Jamie says, “Apple ads never show scenarios like this when they advertise how useful FaceTime is.” I picture a commercial with a woman bleeding all over the place having a miscarriage with her partner on the phone’s screen being unreasonably calm. It makes me laugh and more blood gushes out of me onto the floor. I am accumulating a little pool by my left hip, which is naked against the linoleum. I gauge the amount and it’s definitely less than the three pads per hour the doctor warned me about. I say to Jamie in a real moment of dark humor, “Well, I’ve always wanted a home birth.”
Nowhere in the doctor’s description of, “It will be like a heavy period with clots…you might see some larger clots that will be silvery and greyish, like tissue instead of dark red uterine lining” is what I experienced. And nowhere in the description are directions for how I’m supposed to deal with the literal bloody mess I’ve made of the bathroom. Not to mention directions for how to deal with the more mundane chores that need to be taken care of, like taking the dog out for a piss. Mere minutes after figuring out I’m still alive and have enough strength to walk again, I’m opening the bathroom door, putting a leash on the dog and walking slowly down the hall and outside the apartment gate. People go past me and have absolutely no idea what I’ve just been through, and I look at them in a state of rebirth, viewing them with new eyes and a sense of curiosity that thinks, “And I have absolutely no idea what you’ve been through today either.” With most every person I see I think, “You’ve had a miscarriage…or you know someone who’s had a miscarriage…” and I want to scream “I had a miscarriage!” But I don’t. I’m now suddenly a part of an unspoken club.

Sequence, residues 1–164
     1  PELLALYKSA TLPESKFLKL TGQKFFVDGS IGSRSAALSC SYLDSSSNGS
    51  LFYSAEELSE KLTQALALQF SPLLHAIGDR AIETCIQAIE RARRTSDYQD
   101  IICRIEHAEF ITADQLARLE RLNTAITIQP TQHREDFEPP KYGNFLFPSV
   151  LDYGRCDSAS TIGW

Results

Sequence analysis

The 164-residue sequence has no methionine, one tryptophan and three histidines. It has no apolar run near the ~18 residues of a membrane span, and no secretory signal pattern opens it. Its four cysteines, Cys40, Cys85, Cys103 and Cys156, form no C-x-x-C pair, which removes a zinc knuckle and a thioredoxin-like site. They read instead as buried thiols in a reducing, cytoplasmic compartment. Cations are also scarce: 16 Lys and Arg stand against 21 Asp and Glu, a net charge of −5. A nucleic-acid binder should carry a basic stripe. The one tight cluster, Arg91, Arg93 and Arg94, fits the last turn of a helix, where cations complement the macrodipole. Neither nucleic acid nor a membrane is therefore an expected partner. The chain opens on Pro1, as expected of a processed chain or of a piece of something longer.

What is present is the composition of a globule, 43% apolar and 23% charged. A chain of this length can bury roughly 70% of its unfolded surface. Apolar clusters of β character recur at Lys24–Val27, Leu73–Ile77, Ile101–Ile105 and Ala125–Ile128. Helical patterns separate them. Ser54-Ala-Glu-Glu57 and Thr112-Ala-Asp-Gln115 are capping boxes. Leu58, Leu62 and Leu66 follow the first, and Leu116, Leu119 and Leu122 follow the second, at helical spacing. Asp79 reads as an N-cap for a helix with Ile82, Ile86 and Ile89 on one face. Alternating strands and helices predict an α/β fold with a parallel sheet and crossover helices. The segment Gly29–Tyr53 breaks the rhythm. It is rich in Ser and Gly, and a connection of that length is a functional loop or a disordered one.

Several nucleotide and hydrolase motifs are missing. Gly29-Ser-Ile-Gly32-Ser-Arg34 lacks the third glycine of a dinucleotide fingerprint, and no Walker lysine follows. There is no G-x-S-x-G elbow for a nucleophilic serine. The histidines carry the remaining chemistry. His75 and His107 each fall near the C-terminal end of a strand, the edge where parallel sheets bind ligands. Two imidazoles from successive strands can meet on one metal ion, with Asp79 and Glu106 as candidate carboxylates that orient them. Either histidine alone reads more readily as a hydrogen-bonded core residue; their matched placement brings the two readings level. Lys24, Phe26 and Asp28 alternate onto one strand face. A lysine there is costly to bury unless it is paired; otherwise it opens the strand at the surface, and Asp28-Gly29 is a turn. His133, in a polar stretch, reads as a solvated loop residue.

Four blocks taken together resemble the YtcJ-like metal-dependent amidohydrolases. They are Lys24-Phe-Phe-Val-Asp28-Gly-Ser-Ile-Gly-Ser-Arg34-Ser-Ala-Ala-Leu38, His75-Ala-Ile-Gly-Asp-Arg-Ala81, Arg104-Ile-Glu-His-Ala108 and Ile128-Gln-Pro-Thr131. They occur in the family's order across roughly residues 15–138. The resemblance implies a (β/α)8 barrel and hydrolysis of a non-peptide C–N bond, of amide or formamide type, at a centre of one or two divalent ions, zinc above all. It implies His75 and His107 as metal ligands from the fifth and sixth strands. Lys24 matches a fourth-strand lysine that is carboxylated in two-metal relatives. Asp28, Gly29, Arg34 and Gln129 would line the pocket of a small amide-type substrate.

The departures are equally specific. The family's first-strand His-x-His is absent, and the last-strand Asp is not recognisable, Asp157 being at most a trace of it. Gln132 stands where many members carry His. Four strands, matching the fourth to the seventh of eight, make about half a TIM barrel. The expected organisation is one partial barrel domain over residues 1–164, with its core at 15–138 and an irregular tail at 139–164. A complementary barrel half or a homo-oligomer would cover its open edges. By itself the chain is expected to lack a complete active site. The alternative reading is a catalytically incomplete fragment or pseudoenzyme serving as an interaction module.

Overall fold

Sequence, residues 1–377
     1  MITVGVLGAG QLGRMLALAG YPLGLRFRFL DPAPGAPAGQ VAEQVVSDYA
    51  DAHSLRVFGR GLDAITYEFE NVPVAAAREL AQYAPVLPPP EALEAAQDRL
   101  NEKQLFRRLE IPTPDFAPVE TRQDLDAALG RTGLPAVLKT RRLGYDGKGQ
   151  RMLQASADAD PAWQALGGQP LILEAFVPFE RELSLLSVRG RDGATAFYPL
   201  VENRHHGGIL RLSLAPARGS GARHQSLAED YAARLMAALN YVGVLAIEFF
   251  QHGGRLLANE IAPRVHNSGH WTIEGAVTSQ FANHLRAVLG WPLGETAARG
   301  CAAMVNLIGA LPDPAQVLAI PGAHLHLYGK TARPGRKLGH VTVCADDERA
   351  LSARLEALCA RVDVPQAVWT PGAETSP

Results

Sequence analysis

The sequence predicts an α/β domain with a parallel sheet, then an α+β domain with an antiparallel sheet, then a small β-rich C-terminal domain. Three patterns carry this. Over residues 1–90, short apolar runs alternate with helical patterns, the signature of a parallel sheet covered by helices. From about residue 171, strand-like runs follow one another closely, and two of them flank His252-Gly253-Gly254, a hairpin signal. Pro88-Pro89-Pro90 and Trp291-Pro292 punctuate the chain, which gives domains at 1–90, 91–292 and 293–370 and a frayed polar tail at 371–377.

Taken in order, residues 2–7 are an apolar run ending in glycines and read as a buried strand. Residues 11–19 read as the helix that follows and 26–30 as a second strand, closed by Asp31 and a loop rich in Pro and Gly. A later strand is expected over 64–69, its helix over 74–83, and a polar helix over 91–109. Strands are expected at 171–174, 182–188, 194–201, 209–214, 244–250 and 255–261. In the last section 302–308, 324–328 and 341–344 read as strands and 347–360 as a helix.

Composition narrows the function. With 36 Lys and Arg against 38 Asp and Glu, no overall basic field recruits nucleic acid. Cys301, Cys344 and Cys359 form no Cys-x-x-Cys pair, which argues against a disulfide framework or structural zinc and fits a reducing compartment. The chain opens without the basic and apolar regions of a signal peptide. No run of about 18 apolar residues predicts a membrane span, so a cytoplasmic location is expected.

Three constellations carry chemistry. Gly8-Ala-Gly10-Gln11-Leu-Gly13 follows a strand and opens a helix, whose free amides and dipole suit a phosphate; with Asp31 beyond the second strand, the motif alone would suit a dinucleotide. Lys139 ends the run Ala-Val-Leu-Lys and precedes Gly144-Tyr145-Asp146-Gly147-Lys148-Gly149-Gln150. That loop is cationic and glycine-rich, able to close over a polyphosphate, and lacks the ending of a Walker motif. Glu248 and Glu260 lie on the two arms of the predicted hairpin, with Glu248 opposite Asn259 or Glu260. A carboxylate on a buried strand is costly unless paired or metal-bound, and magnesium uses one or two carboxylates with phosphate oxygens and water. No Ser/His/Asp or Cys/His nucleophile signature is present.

I call my friend Sumra; she’s the daughter of a midwife and the only person I told of my pregnancy. Together we brainstorm what to do with the fetus that is sitting in the tub, and what to do with the blood on the floor, and all the clots in the toilet. She asks simple and grounding questions like, “Do you want to clean it up?” and “When do you want to do it?” and “What do you have to clean with?” Flushing the body down the toilet doesn’t seem right. Neither does throwing it out. She helps me decide that I want to remove the body from the tub and put it in a little box for now so I can figure out what to do with it later.